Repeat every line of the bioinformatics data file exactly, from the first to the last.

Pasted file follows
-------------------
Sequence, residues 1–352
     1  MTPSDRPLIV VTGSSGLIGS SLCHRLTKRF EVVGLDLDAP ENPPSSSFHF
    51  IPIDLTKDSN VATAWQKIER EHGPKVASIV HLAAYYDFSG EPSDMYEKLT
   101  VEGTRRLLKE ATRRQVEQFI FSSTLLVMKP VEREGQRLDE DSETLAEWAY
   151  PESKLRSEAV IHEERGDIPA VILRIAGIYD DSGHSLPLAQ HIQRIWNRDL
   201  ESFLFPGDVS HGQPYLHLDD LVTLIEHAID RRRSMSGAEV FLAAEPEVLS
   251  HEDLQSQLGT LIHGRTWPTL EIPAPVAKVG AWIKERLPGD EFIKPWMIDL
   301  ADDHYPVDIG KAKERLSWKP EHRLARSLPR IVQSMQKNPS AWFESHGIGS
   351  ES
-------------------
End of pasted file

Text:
Sequence, residues 1–352
     1  MTPSDRPLIV VTGSSGLIGS SLCHRLTKRF EVVGLDLDAP ENPPSSSFHF
    51  IPIDLTKDSN VATAWQKIER EHGPKVASIV HLAAYYDFSG EPSDMYEKLT
   101  VEGTRRLLKE ATRRQVEQFI FSSTLLVMKP VEREGQRLDE DSETLAEWAY
   151  PESKLRSEAV IHEERGDIPA VILRIAGIYD DSGHSLPLAQ HIQRIWNRDL
   201  ESFLFPGDVS HGQPYLHLDD LVTLIEHAID RRRSMSGAEV FLAAEPEVLS
   251  HEDLQSQLGT LIHGRTWPTL EIPAPVAKVG AWIKERLPGD EFIKPWMIDL
   301  ADDHYPVDIG KAKERLSWKP EHRLARSLPR IVQSMQKNPS AWFESHGIGS
   351  ES